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The Future of Highway 99

April 8, 2016
Rendering of proposed Klahanie Resort at Shannon Falls

Rendering of proposed Klahanie Resort at Shannon Falls

The timing appears to be right for a number of developers to move their projects forward in the Howe Sound – Sea to Sky corridor.  These projects are capitalizing on what has become a very desirable place to visit and to live.  Squamish is growing fast and more people are enjoying the scenic drive.  However, it is time for a comprehensive study of traffic demands and transit solutions before it is too late.  With all of the proposed developments, what will be the cumulative effects of multiple construction projects going forward at the same time?



Here is a partial list of residential/commercial/tourism developments announced in recent months.

Rendering of Squamish Oceanfront Development

Rendering of Squamish Oceanfront Development

The Provincial Government has commissioned a feasibility study for a fixed link between the Sunshine Coast and Metro Vancouver.  The objective is to replace the current BC Ferry system from Horseshoe Bay to Langdale.  A fixed link would see development expand on the Sunshine Coast and with it increased vehicle traffic.  The feasibility study is considering the technical requirements, but the broader impacts of increased traffic resulting from all the new development then merging with increased traffic from the Sunshine Coast on highway 99 needs to be considered.

Garibaldi at Squamish All Season resort - proposal

Garibaldi at Squamish All Season resort – proposal



2 Responses so far.

  1. Ralph Fulber says:

    Moved to Britannia Beach in 1984 and have watched this corridor grow geometrically. The Taicheng Development are looking at alternative ways to reduce highway traffic which include but are not limited to a small fleet of electric commuter vehicles and charging stations. Also a regional high speed commuter ferry that offers the alternative of electric engines which produces no wake and is estimated to link Britannia Beach and downtown Vancouver in under 45 minutes is a real game changer. We always come back to one single issue, commuter rail service along the corridor. For many years there was a Spanish consortium that attended all of the planning sessions in the area with an eye on looking to put a monorail link along this route to service passengers and light freight. First Nations are exploring the option of re-establishing their old grease path trade links using the rail line through traditional territories. Would be good to see all of the listed developers pitch in to get this off the ground. We have a magnificent opportunity to build a truly sustainable paradise on the Sea to Sky route. For Britannia Beach specifically the solution seems to take one way double lane traffic along the south and the north of the existing community utilizing the MOT right of way already reserved during the Britannia Beach development in 2006.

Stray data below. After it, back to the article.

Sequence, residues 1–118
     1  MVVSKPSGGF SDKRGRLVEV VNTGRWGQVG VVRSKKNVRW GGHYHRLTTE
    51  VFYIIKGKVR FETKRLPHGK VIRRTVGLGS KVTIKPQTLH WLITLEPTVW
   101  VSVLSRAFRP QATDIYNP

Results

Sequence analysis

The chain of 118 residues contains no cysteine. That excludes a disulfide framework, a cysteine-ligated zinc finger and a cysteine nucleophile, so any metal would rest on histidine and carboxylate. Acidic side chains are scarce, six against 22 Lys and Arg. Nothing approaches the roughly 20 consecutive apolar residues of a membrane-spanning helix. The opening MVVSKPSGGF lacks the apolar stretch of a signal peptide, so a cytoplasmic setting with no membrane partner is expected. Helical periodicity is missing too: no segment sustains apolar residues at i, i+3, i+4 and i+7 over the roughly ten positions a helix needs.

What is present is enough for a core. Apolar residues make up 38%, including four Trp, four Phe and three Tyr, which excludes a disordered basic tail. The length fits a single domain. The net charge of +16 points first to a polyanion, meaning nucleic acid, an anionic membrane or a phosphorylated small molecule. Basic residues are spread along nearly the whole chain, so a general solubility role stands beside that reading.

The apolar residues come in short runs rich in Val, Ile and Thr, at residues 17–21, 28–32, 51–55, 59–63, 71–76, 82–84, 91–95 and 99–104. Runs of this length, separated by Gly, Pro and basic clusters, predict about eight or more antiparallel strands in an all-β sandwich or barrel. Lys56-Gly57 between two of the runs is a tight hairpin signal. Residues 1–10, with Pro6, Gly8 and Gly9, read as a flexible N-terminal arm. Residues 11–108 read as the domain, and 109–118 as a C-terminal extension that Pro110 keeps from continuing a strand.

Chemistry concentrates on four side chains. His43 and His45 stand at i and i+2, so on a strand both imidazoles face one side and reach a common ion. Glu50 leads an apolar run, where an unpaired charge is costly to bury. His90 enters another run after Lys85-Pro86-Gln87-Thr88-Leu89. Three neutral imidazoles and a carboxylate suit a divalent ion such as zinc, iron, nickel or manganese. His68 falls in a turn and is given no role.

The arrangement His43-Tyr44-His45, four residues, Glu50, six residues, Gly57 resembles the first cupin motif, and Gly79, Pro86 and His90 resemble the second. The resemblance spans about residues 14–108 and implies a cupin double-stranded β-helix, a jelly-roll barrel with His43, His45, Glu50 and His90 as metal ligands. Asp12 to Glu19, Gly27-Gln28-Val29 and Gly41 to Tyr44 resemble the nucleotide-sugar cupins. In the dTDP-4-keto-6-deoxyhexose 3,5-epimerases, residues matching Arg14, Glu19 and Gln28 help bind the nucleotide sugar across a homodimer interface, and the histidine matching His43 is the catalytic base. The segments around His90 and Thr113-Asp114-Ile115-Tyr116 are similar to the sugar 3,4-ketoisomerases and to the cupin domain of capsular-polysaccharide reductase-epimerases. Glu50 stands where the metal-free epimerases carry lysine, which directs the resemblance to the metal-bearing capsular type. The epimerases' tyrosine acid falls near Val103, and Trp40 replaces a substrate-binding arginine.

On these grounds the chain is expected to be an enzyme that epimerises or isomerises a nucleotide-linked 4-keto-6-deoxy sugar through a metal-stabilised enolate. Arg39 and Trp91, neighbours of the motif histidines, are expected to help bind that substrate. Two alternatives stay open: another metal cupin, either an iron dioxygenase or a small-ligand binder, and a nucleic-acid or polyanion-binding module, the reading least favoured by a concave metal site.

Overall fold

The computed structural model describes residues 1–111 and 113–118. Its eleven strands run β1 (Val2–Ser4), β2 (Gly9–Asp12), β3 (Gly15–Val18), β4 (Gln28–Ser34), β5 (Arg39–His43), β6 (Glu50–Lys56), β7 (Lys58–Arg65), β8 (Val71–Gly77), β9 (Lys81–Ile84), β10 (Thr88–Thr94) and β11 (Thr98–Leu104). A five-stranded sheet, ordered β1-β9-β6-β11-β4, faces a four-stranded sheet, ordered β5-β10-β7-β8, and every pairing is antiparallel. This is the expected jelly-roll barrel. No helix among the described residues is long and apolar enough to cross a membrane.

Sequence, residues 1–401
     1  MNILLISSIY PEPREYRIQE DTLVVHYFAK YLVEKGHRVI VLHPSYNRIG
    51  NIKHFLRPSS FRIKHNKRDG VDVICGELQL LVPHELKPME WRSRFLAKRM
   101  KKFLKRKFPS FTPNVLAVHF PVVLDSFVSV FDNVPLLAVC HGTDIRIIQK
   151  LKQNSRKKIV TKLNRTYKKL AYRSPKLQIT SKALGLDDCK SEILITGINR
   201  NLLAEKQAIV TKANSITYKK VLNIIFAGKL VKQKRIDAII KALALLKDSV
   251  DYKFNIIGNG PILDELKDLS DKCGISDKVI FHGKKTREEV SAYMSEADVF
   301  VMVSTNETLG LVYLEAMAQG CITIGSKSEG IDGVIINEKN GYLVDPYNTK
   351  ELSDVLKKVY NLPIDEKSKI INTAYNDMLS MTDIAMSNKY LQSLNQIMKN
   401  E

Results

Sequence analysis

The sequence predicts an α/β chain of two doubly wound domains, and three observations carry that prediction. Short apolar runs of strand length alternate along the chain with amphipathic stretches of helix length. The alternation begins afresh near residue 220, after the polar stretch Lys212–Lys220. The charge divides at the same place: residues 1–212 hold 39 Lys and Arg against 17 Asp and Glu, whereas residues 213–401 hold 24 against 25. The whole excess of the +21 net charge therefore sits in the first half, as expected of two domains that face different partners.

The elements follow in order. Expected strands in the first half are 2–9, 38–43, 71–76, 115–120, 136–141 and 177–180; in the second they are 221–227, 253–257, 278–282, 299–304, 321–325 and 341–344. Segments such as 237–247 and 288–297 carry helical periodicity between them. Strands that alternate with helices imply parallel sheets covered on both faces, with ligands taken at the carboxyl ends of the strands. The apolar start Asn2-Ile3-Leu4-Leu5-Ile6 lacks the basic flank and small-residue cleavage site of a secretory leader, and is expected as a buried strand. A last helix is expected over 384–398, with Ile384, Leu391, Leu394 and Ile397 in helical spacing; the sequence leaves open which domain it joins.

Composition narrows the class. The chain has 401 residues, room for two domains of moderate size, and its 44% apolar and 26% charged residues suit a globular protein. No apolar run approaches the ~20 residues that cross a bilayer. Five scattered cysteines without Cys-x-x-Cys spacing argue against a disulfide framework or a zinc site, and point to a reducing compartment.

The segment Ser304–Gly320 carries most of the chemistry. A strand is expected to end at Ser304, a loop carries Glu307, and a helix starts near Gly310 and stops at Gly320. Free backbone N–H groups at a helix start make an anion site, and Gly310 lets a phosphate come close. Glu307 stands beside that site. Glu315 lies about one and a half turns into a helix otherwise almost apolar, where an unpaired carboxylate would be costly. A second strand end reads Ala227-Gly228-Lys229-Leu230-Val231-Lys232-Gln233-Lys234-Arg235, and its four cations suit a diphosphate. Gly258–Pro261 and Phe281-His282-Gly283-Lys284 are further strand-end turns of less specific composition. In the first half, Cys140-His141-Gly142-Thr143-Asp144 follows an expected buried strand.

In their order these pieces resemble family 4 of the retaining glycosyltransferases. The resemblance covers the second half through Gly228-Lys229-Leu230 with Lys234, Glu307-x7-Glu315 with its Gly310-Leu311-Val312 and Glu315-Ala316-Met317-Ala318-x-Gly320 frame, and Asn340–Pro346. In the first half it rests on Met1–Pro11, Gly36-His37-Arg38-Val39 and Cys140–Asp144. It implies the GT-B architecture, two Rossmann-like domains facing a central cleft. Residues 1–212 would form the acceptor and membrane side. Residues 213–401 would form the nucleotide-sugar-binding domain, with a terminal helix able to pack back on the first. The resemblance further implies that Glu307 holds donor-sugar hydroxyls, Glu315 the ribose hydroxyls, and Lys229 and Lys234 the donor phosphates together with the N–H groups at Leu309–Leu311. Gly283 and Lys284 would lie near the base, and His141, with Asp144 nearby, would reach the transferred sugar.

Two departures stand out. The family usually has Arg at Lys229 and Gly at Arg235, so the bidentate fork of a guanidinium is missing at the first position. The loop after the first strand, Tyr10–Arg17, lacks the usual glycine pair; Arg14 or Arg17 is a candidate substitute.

2. Tony Puddicombe says:

    time to get away from the personal car. The millions spent on highways should be redirected to rapid transit.

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